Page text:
By Prof Terry Fairchild, PhD
Chair, Department of English
Maharishi University of Managemnt
Thomas Stearns Eliot was a set of contradictions. An American from St. Louis, he moved to England and took British citizenship. A man who had always wanted to be a poet, he studied philosophy at Harvard. A writer who filled his poetry with Eastern philosophy, he converted to Anglicanism. One of the world’s great intellectuals, Eliot read detective fiction and wrote limericks about cats in his spare time. The most revolutionary poet of his age (who literally changed the direction of poetry), he is now seen by post-structuralists as a crypto-fascist. These same kinds of opposing characteristics exist everywhere in Eliot’s poetry and nowhere more than in his masterpiece Four Quartets.
Often called a “negative poet” for his unrelenting attack on modern life in his earlier works, in the Four Quartets he sees things differently. The life of time and change that he had previously depicted as the “wasteland” is in the Four Quartets found to be supported by an underlying, spiritual absolute, a level of life where the two extremes of time and timeless are indistinguishable. Moreover, Eliot espouses the experience of this transcendental field as the spiritually transforming value of all life both for the individual and the world. Therefore, in Eliot’s last and greatest poetic effort we find not a negative or dualistic view of life after all, but rather the vision of a man who passionately believed in a spiritual unity.
What particularly satisfies about the Four Quartets is that they complete Eliot’s broad spiritual landscape begun with “Prufrock,” “Gerontion,” and The Wasteland, poems about failure in a bankrupt universe, but with the words from the Upanishads, “Datta . . . Dayadhvam . . . Damyata1” spoken by the thunder at The Wasteland’s conclusion, Eliot anticipates a revitalized world that he fully conceives in the Four Quartets. In this later poem, Eliot once again includes the world of desire, fear, and death that haunted The Wasteland and other earlier efforts; but in the Quartets the importance of this darker world has been diminished, relegated to the sphere of time to form a mere backdrop to Eliot’s expanded vision of life as unblemished eternity.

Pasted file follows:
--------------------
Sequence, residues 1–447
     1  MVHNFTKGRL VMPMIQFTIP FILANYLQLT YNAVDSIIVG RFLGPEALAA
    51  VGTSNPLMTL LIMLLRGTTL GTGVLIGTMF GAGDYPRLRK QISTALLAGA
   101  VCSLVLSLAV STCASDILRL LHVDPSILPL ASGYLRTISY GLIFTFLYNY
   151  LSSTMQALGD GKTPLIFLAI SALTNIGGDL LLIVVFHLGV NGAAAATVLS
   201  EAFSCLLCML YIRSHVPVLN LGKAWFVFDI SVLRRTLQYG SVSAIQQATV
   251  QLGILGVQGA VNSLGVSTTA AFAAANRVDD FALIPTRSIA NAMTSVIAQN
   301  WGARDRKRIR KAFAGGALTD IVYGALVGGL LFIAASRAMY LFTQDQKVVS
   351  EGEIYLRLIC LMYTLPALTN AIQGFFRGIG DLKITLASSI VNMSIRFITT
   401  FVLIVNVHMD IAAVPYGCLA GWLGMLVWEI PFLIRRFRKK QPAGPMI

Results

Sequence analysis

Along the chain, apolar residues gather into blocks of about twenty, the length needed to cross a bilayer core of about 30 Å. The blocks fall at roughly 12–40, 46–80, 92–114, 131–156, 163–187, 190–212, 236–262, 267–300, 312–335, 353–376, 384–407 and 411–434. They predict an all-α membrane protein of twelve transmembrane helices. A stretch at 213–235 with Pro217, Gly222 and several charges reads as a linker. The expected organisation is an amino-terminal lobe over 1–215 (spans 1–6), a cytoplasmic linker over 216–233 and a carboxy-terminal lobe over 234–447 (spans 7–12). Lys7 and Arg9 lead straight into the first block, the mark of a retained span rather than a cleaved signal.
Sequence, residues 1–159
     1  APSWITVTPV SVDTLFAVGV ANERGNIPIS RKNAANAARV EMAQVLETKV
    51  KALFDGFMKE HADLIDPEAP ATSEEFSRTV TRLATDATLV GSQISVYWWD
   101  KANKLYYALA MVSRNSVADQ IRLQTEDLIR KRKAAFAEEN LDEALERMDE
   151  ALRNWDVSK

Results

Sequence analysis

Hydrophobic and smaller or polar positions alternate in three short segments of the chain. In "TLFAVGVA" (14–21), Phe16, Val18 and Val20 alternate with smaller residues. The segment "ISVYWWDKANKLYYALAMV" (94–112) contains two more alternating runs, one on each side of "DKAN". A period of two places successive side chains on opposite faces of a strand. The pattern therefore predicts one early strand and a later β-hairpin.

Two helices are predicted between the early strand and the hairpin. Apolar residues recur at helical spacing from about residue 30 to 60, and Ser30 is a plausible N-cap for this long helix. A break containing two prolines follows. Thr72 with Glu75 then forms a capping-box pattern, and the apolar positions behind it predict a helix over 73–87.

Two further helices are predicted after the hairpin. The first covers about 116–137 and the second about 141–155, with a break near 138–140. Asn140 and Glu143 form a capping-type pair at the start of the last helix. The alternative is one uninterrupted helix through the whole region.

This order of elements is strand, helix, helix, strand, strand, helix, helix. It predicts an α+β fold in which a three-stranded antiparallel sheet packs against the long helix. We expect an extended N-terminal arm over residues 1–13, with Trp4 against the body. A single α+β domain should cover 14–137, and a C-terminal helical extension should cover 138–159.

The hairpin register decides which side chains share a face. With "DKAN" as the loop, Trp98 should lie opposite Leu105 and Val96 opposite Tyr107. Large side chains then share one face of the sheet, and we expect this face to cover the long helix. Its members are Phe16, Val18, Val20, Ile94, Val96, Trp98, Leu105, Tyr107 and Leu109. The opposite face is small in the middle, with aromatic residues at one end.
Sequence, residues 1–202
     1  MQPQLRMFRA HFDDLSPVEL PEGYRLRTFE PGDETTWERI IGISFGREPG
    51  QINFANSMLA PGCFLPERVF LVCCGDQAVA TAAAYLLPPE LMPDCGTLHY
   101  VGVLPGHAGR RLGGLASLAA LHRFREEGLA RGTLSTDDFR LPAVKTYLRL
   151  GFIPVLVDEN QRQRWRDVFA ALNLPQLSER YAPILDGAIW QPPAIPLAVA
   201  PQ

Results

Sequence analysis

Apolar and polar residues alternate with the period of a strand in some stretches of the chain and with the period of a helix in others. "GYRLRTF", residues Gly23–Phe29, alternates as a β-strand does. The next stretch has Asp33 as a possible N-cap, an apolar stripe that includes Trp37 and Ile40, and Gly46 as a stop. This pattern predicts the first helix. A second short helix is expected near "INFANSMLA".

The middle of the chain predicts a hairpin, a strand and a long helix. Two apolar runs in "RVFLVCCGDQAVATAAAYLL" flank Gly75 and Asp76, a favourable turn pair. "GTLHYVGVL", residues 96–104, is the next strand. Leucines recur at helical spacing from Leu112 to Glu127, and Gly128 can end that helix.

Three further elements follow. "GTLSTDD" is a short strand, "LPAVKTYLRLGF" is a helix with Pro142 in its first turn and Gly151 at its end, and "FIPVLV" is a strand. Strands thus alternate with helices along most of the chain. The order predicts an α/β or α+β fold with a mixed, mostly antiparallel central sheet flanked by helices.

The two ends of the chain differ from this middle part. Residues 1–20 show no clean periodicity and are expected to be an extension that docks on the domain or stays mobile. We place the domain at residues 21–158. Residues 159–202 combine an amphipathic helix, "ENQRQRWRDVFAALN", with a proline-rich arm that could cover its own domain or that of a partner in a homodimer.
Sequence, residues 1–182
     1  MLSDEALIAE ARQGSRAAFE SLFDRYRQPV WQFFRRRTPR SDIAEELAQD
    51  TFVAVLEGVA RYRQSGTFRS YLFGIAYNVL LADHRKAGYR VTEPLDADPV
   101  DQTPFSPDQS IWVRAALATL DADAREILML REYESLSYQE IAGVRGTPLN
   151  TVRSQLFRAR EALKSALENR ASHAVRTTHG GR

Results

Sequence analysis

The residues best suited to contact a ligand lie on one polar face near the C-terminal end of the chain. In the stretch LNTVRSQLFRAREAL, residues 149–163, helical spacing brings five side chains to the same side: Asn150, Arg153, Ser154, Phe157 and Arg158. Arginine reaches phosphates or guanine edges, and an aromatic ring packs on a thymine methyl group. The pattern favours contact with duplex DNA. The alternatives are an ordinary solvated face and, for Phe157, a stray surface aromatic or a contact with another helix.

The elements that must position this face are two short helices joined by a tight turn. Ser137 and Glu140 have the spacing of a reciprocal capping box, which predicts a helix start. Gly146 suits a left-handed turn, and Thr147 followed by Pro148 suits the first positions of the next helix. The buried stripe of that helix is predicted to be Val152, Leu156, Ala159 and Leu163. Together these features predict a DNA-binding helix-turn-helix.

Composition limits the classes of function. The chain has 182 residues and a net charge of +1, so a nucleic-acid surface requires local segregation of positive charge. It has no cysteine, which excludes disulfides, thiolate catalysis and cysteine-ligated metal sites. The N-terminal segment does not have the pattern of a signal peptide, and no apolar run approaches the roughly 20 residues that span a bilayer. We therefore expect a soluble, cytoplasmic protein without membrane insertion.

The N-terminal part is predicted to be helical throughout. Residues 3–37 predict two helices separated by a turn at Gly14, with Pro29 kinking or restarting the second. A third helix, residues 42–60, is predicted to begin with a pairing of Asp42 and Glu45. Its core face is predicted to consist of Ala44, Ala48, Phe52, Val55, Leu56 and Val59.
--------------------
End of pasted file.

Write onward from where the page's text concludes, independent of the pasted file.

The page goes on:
Tradition has it that Eliot had long wanted to write a poem imitating music, an intention confirmed in his essay “The Music of Poetry.” The structure of his Quartets, with the introduction of an initial theme and an elaboration and variation on that theme, and a series of movements repeated in each quartet, suggests that he was not only indebted thematically and structurally to music, he was also indebted to the famous quartets of Mozart or Beethoven (Matthiessen 182) for the poem’s name. Eliot’s primary theme-time and the timeless-consistent with the temporal qualities of music, is presented in the Four Quartets’ opening lines:
Time present and time past
Are both perhaps present in time future,
And time future contained in time past . . .
all time is eternally present.
Time more than anything defines the contrasting dimensions of relative existence: an apparent snare with no escape, a continuum of change ever wearing away the fabric of existence, a flow and beauty in constant renewal, a series of exquisite moments that bind life together. Time defines the human condition-the constant reminder that our days are numbered, that our “too, too solid flesh” will too soon melt. The fatal image of time symbolizes the Modern Age-the grave digger delivering the newborn child, the conflation of womb and tomb. Over the span of English literature, poets as diverse as Spenser, Shakespeare, Shelley, Keats, Yeats, and Dylan Thomas (“Time held me green and dying”) have vilified time as an assassin without conscience, a long-held view of time in cultures much older than our own:
All the hopes of man in this world are consistently destroyed by Time. Time alone, O sage, wears everything out in this world; there is nothing in creation which is beyond its reach. Time alone creates innumerable universes, and in a very short time Time destroys everything. (Venkatesananda 16)
When we make “time run,” suggests Andrew Marvell, when we allow our lives to be dictated by deadlines, when we compress too much activity into too few hours, time catapults us towards our end. But if we could reverse Marvell’s dictum, slow time down, make time stop, transcend time, peacefully settle into the silence of eternity, we would have “world enough, and time” for everything. In such a state, we would exchange roles with time and we would become its gentle annihilator. Hence, timelessness or eternity is the second element in Eliot’s equation for the Four Quartets: